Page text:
Tue | Jan 26, 2021

Dengue outbreak over for Jamaica - Continued vigilance encouraged

Published:Monday | July 13, 2020 | 12:07 AM
Dr Christopher Tufton.
Dr Christopher Tufton.

The Chief Medical Officer of Jamaica Dr Jacquiline Bisasor-McKenzie has declared that the island’s dengue outbreak is now over. This comes as the data from the Ministry of Health and Wellness’s National Epidemiology Unit showed that for the last four consecutive months of 2020, the number of dengue cases reported was below the epidemic threshold. March saw 37 dengue cases, two in April, eight in May and two in June.

Minister of Health and Wellness Dr Christopher Tufton made this revelation during his sectoral presentation recently. At the same time, he cautioned members of the public to remain vigilant against this disease, which is in the country all year round.

“It is necessary that persons continue to maintain the vigilance in the practice of the measures to reduce the mosquito population, including searching their surroundings weekly for breeding sites and destroying them, covering water-storage containers, and punching holes in cans and bottles before discarding them”, Tufton said.

The minister also used the opportunity to thank the vector control team and external partners, who played a role in getting Jamaica to this stage.


“I want to take the opportunity to thank the Vector Control Unit and the entire public health infrastructure for its focused attention to prevent, control and treat dengue,” he said.

Since late 2018, the ministry has put several measures in place to minimise the impact of vector-borne diseases, and dengue in particular. These measures included a massive communication and behaviour-change campaign that sought to reinforce the principle of personal responsibility for health; employment of more than 1,000 vector-control workers; increasing the number of dedicated vector control vehicles by some 71 per cent, up from 25 to 85, at a cost of more than $289 million; and collaboration with the municipal corporations and the National Solid Waste Management Authority for the removal of bulky waste that harbour and provide a safe haven for the dreaded Aedes aegypti mosquito.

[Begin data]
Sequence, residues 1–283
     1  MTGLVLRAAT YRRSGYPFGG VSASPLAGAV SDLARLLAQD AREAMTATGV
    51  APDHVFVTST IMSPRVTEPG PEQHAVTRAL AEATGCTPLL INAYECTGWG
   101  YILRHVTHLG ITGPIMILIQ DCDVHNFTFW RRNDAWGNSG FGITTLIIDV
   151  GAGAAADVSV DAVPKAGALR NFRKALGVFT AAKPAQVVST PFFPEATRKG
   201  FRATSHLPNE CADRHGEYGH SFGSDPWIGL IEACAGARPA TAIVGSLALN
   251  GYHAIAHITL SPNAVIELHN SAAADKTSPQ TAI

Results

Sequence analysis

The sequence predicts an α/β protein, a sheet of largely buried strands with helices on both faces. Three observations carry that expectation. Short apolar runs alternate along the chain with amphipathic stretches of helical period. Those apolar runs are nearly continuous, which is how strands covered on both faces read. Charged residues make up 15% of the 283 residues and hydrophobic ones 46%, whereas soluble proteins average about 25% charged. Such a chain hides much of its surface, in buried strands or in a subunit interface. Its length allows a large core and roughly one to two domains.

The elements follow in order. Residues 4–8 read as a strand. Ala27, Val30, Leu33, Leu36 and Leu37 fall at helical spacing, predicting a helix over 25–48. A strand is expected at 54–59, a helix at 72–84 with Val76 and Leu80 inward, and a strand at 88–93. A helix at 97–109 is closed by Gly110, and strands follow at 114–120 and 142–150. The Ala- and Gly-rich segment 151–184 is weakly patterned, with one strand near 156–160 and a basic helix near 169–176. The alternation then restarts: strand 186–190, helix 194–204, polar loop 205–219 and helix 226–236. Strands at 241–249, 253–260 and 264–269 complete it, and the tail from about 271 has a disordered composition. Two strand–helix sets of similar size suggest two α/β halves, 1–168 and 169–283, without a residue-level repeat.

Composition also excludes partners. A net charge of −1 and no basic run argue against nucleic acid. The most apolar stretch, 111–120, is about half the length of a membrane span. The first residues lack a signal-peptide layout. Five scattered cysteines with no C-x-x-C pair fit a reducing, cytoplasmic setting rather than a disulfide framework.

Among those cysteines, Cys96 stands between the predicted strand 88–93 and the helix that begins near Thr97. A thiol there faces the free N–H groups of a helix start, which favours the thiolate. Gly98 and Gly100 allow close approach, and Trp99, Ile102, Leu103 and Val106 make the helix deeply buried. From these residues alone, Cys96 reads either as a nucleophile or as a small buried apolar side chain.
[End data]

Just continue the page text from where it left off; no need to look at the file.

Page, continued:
During the annual rainy season and even in the drought, where water storage increases, the ministry will continue the activation of its mosquito-control activities, including a public education campaign, home inspections and the destruction of breeding sites, and fogging. Members of the public are encouraged to play their part to control mosquito-borne diseases by keeping surroundings free of debris; destroying or treating potential mosquito-breeding sites; wearing protective clothing; using a DEET-containing mosquito repellant and, as much as possible, staying indoors at dusk with windows and doors closed. Persons may call the Ministry of Health and Wellness at 888-ONE-LOVE (663-5683) with any reports or concerns.